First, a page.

So Aaron Hillegass who started Big Nerd Ranch got the entrepreneurial community all in an uproar with his post "Don't Start A Company, Kid."
The article is directed toward soon to be college graduates that BNR is trying to recruit. And while I disagree with the rationale that Aaron presents I actually agree with his conclusion. For the vast majority of college graduates the best thing to do is get a job. Get some real world experience. Pay down those college loans. If starting something is your thing look for some opportunity in the marketplace that your company or client is not willing to execute against. The insider idea.
The biggest issue I have with Aaron's logic is this statement:
"Having Enough is awesome. How would I define “Enough”? Enough means that you can take a friend out to a nice lunch and not have to worry about how much it costs. I have hung out with a couple of billionaires—my experiences indicate that being a billionaire is just incrementally better than Enough.
Thus, as you look at your future, the question should not be, “How can I become a billionaire?” You should ask, “Where can I get Enough?”"
I am calling BS.
For many people, myself included, having enough is not awesome. It is not going to help me achieve my goals. For some it is. Not me. And not for most entrepreneurs. Having enough to me sounds a little like being mediocre. And if you want to create wealth having enough is not going to do it. You can not create wealth from personal income.
Last night I was reading The Everything Store: Jeff Bezos and the Age of Amazon. This is Bezos talking about walking away from his very high paying Wall Street job to start Amazon:
“I knew when I was eighty that I would never, for example, think about why I walked away from my 1994 Wall Street bonus right in the middle of the year at the worst possible time. That kind of thing just isn’t something you worry about when you’re eighty years old. At the same time, I knew that I might sincerely regret not having participated in this thing called the Internet that I thought was going to be a revolutionizing event. When I thought about it that way… it was incredibly easy to make the decision.”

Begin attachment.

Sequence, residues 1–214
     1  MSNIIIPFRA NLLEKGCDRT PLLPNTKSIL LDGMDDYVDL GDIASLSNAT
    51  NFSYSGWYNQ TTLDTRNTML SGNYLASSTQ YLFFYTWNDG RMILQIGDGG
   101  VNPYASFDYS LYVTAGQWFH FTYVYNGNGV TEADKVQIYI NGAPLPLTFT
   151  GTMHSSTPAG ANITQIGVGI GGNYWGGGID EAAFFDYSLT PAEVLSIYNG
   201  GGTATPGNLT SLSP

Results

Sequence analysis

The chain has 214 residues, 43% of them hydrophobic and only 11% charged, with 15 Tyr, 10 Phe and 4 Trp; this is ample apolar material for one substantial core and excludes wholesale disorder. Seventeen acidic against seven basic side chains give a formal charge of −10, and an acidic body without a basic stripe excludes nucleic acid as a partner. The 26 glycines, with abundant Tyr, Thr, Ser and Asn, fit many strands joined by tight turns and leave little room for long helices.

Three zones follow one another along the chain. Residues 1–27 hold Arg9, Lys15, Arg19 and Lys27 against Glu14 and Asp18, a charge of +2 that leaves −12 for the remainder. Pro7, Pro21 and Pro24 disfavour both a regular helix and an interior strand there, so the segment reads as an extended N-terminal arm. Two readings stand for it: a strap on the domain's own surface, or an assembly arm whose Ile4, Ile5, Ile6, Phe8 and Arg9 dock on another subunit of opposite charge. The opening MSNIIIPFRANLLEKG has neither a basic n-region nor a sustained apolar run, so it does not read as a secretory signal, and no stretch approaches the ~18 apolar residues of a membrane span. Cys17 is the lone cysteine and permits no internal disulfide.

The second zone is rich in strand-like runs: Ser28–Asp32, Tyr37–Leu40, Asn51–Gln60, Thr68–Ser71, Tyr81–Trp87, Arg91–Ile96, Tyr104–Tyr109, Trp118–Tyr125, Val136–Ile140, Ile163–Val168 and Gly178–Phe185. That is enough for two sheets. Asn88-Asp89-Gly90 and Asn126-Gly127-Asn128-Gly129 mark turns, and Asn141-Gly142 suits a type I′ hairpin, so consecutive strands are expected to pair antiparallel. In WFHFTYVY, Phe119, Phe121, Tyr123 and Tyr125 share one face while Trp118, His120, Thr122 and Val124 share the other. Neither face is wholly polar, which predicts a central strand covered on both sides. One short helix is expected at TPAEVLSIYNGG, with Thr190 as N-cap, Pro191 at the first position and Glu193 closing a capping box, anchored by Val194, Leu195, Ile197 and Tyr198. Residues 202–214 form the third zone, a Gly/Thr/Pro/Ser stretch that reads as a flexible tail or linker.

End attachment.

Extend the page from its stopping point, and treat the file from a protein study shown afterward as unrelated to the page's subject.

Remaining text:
So go to work for Aaron or some other company. Learn. And when the time is right. If it is right for you. When you find that thing that you might regret not doing when you are 80. When you find your revolution. Go do it.
Or you can have enough. I hear it is awesome.
|Posted in Entrepreneurship
Over the Thanksgiving break I breezed through Nick Bolton's "Hatching Twitter: A True Story of Money, Power, Friendship, and Betrayal." It is a fast paced easy read filled with exactly what the title promises. Co-founder/board/executive level drama. There are some good lessons as well.
Don't hire your friends just because they are your friends. This, along with slow decision making, is portrayed as Ev's downfall and the reason for his ouster as CEO.
Have no mercy. When Ev pushes Jack out of the company he leaves him with a ceremonial board seat. Jack uses the seat as a place to plot his revenge and oust Ev.
Backup your application. At one point pretty far in there is no backup of the Twitter database.
People behave differently when a lot of money and power are at stake. What begins as a small team trying to do their best to start a company can turn into something much more complex pretty darn quick.
Fred Wilson comes across as a hard ass. Nothing at all like the friendly guy on A VC. Not sure if I believe the portrayal. Then again, people behave differently when a lot of money is at stake.